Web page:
Our Voice: Thumbs up to prepaid tuition; down to handicapped-parking abusers

September 16, 2013 

Thumbs up to the state's Guaranteed Education Tuition program for returning to solvency.

A new financial analysis of the state's prepaid tuition program says GET improved its financial stability and should be able to cover all its obligations for many years into the future.

The report from State Actuary Matt Smith says he expects the program will return to fully funded status by 2018. The report said it is now 94 percent funded.

Last year, the actuary estimated the probability of insolvency for the program in the next 50 years at 1 percent, and the Legislature debated closing the program.

This year, that probability of insolvency has improved to 0.1 percent. Also this year, the cost of a GET unit won't increase for the first time in the program's 16-year history.

Washington's prepaid tuition program is a state-run 529 college savings plan. Investors are guaranteed they will be able to pay for an academic year of tuition and mandatory fees at the state's most expensive public college or university with 100 units.

This year, the cost of a unit is $172, which comes to $17,200 for a year of tuition and state mandated fees at the University of Washington or Washington State University.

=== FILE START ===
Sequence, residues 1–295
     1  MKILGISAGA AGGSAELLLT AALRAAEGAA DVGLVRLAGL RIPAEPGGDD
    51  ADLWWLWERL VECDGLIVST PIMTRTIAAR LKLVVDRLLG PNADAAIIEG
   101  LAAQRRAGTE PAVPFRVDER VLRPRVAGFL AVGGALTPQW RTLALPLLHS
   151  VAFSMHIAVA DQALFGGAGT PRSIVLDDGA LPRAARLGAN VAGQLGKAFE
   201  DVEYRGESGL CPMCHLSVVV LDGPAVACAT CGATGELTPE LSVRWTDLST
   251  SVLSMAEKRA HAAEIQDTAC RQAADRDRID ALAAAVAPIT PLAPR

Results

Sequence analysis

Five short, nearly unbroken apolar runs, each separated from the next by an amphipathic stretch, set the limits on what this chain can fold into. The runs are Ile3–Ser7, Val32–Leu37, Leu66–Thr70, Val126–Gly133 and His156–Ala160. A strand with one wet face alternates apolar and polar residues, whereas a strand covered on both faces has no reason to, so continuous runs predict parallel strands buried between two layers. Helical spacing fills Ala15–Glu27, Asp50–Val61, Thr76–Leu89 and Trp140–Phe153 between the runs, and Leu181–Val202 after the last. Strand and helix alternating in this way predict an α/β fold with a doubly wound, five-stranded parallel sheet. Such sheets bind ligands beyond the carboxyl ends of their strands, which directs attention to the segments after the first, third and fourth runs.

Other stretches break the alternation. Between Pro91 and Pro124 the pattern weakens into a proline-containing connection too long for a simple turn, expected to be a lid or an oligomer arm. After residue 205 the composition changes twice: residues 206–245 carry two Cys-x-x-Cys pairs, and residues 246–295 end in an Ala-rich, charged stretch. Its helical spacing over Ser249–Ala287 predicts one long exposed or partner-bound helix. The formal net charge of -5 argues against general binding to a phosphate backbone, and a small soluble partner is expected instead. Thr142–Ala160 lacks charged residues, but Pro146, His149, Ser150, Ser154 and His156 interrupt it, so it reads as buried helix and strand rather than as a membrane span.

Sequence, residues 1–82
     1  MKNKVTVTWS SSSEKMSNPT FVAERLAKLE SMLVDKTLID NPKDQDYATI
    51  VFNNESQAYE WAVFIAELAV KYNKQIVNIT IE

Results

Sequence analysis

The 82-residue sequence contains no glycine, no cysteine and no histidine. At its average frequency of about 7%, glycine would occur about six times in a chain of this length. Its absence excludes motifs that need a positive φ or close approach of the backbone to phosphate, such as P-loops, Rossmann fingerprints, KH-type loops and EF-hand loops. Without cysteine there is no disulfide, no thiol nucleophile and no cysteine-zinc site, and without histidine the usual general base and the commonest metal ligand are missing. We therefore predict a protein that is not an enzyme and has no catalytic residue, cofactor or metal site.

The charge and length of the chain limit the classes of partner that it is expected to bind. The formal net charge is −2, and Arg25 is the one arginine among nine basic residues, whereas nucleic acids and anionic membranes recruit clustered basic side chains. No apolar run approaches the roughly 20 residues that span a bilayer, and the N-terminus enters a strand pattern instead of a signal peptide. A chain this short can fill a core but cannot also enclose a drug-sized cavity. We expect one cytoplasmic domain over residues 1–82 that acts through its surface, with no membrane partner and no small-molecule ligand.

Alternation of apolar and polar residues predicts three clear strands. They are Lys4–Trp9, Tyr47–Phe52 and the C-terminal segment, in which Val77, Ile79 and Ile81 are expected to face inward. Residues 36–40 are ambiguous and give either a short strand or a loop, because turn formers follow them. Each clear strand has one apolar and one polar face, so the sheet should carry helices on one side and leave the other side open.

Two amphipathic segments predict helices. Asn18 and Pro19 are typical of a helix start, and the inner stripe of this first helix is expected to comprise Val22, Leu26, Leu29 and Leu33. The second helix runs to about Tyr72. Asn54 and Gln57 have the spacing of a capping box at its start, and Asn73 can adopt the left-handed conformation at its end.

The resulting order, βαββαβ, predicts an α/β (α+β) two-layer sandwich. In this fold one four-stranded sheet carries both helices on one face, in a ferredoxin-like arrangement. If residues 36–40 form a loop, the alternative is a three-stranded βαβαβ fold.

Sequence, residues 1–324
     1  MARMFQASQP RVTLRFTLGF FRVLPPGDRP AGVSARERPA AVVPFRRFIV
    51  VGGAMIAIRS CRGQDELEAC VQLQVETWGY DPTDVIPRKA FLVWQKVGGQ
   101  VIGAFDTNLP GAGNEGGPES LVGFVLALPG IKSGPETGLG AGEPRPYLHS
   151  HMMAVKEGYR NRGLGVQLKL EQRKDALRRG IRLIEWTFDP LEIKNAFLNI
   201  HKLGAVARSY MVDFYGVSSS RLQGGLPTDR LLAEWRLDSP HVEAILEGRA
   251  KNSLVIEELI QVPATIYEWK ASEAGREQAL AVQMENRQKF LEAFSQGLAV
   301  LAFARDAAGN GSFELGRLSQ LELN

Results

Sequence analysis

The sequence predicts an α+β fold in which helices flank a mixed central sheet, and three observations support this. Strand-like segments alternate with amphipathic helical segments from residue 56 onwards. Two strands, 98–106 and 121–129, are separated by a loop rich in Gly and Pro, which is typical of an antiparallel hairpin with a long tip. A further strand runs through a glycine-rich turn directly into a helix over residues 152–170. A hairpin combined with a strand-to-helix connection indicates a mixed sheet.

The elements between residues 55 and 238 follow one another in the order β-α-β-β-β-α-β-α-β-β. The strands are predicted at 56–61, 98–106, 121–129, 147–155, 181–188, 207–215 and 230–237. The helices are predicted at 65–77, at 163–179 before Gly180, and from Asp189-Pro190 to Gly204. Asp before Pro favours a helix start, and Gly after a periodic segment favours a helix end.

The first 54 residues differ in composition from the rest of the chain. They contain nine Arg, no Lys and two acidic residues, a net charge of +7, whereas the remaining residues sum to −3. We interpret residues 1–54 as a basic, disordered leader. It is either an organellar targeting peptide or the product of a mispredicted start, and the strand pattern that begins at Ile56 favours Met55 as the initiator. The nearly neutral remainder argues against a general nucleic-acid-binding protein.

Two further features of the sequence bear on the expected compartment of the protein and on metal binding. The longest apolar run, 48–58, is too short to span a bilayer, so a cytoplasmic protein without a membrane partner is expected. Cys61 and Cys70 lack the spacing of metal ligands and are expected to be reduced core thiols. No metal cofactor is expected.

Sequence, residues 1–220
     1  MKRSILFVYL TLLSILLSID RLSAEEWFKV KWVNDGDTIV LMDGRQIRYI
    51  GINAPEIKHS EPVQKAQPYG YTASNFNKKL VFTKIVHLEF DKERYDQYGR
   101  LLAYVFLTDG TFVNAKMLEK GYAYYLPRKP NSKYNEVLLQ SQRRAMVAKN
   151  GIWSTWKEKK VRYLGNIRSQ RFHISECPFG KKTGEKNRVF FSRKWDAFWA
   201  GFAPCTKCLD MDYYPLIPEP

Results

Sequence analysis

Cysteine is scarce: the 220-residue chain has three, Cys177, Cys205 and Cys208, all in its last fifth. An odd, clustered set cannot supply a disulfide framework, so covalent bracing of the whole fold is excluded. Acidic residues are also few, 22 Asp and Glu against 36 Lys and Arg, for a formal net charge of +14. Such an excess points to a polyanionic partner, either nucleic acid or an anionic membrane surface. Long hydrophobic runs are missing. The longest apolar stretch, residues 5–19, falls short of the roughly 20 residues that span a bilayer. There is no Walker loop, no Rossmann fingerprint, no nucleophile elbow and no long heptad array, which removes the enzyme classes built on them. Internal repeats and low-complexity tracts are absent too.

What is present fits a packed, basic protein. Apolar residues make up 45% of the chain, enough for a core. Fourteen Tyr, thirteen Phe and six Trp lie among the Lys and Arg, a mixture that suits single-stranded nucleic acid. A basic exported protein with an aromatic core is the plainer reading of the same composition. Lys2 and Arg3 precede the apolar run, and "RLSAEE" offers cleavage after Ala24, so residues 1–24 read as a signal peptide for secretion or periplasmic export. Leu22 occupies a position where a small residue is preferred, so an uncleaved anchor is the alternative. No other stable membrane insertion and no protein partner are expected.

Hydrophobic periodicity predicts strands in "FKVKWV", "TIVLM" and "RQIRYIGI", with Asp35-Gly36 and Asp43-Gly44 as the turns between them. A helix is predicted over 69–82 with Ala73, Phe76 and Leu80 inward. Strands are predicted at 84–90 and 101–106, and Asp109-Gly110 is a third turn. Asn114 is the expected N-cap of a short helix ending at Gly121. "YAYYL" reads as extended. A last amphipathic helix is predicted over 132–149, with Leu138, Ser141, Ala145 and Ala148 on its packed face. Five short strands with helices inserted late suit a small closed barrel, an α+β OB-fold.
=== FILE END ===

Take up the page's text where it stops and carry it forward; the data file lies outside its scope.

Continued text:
It's an excellent way for young families to save for their children's college costs. Participants are betting that college tuition cost will rise fast enough to make that $17,200 for a year of tuition seem like a bargain.

For parents of infants, that's a safe bet. The older the child, the more parents need to look at the numbers.

The program's restored fiscal health is great news for middle-class families struggling to provide for their children.

Thumbs down to the abuse of handicapped parking placards.

In Portland's annual survey of about 9,000 downtown meters, about 1,000 vehicles had disabled placards in October 2012, a 72 percent increase in five years, according to The Associated Press.

In the core area of downtown, a third of the vehicles had placards.

Anyone with a placard who has tried to find a handicapped space at Costco or Columbia Center mall can testify that the trend isn't limited to Portland.

In many cities, it's a financial problem because drivers with placards can park for free and for as long as they want. Portland lost an estimated $2.4 million in meter revenue last year, the AP reported.

It's a problem for businesses because cars with placards stay camped in front of their stores for the entire business day.

A parking study in Los Angeles found that on one block in the financial district, placards consumed 80 percent of the total meter hours.

In the Tri-Cities, where metered parking isn't an issue, we're more concerned about the inconvenience to the severely handicapped who may not be able to find a parking spot.

The problem only will get worse as baby boomers get older. In California, the number of placards issued jumped 350 percent from 1990 to 2010.

If a disability limits your mobility, there's nothing wrong with obtaining a placard and using a parking space reserved for handicapped drivers.

But if it's no hardship to park farther away, even if you've been issued a placard, leave the spot for someone who really needs it.

The walk will do you good.

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